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Tag: alcoholism

NAC (N-acetylcysteine)

Produced by the body, N-acetylcysteine (commonly called NAC) is a form of the amino acid cysteine. Because it enhances the production of the Enzyme glutathione, one of the body’s powerhouse antioxidants, NAC can both stave off disease and play an important role in boosting the immune system. Studies have shown that glutathione levels are often reduced in people with certain conditions related to the immune system.

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Vitamin C

In the eighteenth century, seasoned sailors found that by sucking on lemons they could avoid scurvy, a debilitating disease that often developed during long voyages when fresh fruits and vegetables were scarce. When the lemon’s key nutrient was formally identified in 1928, it was named ascorbic acid for its anti-scurvy, or antiscorbutic, action. Today ascorbic acid is widely known as vitamin C.

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Vitamin B Complex

A high-quality vitamin B complex supplement will provide, in one convenient pill, a full range of B vitamins, including biotin, choline, folic acid, inositol, PABA (para-aminobenzoic acid), and the six “numbered” B vitamins–vitamin B-1 (thiamin), B-2 (riboflavin), B-3 (niacin), B-5 (pantothenic acid), B-6 (pyridoxine), and B-12 (cobalamin). Combination products can simplify the process of taking individual B vitamins for a range of ailments including alcoholism, depression, diabetes, hair problems, lupus, multiple sclerosis, and stress.

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Valerian

For centuries, the tall perennial herb with pinkish flowers known as valerian (Valeriana officinalis) has been enlisted to help restless insomniacs get a sound night’s sleep. Today this mild, nonaddictive sedative is quite popular both as a sleep aid and as an anxiety fighter, particularly in Germany, France, Belgium, and the United Kingdom. And in recent years its popularity has grown enormously in the United States as well.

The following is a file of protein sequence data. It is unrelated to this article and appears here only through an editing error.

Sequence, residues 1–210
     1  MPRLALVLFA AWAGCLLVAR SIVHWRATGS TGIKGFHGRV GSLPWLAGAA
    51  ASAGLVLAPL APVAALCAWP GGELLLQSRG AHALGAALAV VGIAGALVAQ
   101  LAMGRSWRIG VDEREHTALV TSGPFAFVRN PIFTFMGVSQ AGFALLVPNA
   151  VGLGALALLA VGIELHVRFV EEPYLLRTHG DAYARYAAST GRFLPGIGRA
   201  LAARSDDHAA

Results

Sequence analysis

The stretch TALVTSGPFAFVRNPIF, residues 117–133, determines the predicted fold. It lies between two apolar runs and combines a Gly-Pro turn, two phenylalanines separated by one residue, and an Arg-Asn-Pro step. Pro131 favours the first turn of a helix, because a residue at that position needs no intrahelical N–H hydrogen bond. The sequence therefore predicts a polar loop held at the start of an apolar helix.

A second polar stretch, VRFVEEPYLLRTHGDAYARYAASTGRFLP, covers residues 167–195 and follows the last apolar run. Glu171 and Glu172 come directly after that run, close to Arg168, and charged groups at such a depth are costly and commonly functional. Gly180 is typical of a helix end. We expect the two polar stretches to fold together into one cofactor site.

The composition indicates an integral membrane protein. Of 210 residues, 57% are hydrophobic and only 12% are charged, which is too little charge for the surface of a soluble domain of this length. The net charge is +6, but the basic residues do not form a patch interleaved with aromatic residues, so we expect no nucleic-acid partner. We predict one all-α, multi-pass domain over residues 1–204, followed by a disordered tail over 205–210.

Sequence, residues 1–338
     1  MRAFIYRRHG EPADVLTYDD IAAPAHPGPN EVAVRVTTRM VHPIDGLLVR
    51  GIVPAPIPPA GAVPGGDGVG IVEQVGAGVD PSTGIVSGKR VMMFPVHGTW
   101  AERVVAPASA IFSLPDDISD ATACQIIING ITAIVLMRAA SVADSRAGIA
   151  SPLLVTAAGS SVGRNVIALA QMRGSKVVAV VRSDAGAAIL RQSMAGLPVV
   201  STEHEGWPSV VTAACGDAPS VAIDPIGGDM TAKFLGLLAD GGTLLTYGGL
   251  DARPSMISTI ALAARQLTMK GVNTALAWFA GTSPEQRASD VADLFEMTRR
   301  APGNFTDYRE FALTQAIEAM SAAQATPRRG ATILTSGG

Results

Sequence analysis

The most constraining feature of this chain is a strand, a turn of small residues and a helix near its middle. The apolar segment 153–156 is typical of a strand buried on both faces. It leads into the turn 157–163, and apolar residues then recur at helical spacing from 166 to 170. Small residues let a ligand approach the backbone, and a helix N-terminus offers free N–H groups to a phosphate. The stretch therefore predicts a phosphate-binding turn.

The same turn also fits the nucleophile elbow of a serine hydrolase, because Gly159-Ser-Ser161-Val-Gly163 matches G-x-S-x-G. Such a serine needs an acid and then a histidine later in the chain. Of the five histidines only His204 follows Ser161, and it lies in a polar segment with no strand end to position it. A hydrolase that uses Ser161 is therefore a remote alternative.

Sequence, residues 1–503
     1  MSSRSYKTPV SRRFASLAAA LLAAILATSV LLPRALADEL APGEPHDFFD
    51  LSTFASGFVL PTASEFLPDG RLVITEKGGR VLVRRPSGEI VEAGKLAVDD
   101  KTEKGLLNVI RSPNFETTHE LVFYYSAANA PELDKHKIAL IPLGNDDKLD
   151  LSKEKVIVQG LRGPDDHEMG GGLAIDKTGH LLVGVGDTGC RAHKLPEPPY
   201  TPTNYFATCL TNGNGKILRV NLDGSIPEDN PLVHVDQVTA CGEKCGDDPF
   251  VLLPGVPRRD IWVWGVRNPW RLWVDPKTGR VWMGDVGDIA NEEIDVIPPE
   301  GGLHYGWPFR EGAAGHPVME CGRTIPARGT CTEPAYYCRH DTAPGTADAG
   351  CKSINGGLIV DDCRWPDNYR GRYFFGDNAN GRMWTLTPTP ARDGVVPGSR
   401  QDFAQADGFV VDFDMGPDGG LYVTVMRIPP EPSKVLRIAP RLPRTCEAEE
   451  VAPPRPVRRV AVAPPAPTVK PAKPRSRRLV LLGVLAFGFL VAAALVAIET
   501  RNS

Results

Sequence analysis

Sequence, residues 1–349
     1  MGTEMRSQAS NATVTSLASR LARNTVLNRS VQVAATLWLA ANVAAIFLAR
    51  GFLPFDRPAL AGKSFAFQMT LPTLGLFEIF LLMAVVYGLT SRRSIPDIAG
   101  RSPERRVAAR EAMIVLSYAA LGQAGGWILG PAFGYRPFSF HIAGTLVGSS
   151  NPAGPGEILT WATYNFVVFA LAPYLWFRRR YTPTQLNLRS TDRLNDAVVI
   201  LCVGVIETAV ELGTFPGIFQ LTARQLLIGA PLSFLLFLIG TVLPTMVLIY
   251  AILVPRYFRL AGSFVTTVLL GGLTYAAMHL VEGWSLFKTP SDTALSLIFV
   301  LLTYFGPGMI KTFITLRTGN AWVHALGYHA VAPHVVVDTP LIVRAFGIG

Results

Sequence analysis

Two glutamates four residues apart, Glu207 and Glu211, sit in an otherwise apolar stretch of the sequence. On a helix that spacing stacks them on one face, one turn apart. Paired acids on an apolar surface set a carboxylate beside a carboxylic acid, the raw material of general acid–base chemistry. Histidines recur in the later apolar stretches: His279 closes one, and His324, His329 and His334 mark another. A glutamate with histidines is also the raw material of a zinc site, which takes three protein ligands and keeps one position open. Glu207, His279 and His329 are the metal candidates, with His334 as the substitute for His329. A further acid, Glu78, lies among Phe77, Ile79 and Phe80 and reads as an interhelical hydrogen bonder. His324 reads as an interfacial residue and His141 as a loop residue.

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Soy Isoflavones

Westerners have been slow to put tempeh, soy milk, tofu, and other soybean products on the table. But as evidence mounts that compounds in soy–isoflavones–have impressive health benefits, so too does consumption of this Asian dietary staple.

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Milk Thistle

Healers have used the prickly milk thistle plant to treat liver ailments for more than 2,000 years. Somehow these early practitioners figured out that preparations of this purple-flowered member of the sunflower family could stimulate the flow of bile from the liver, improving digestion and various liver-related ills.

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Lecithin and Choline

Lecithin is a fatty substance manufactured in the body and widely found in many animal- and plant-based foods, including eggs, liver, peanuts, soybeans, and wheat germ. Lecithin is often used as an additive in such processed foods as ice cream, margarine, and salad dressings, because it helps blend (or emulsify) fats with water. Lecithin is also available in supplement form.

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Kudzu

When the twining kudzu vine (Pueraria lobata) was introduced to the United States from Asia more than a century ago, it proceeded to flourish and spread rapidly through the warm and humid southern region of the country. In fact, many now consider this tenacious, high-climbing vine a nuisance.

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Glutamine

Glutamine is a nonessential amino acid. “Nonessential” means that the body can create its own supply if the diet is lacking in glutamine-rich sources, such as poultry, fish, and legumes. Few people who are basically healthy and follow a balanced diet are deficient in this amino acid, one of the most abundant in the bloodstream. But there are some important exceptions.

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Evening Primrose Oil

Evening primrose oil is extracted from the evening primrose plant (Oenothera biennis), a wildflower found in North America, Europe and parts of Asia. The plant’s pale yellow flowers open in the evening–hence its common name–and its seeds bear the special fatty oil that is used in healing today.

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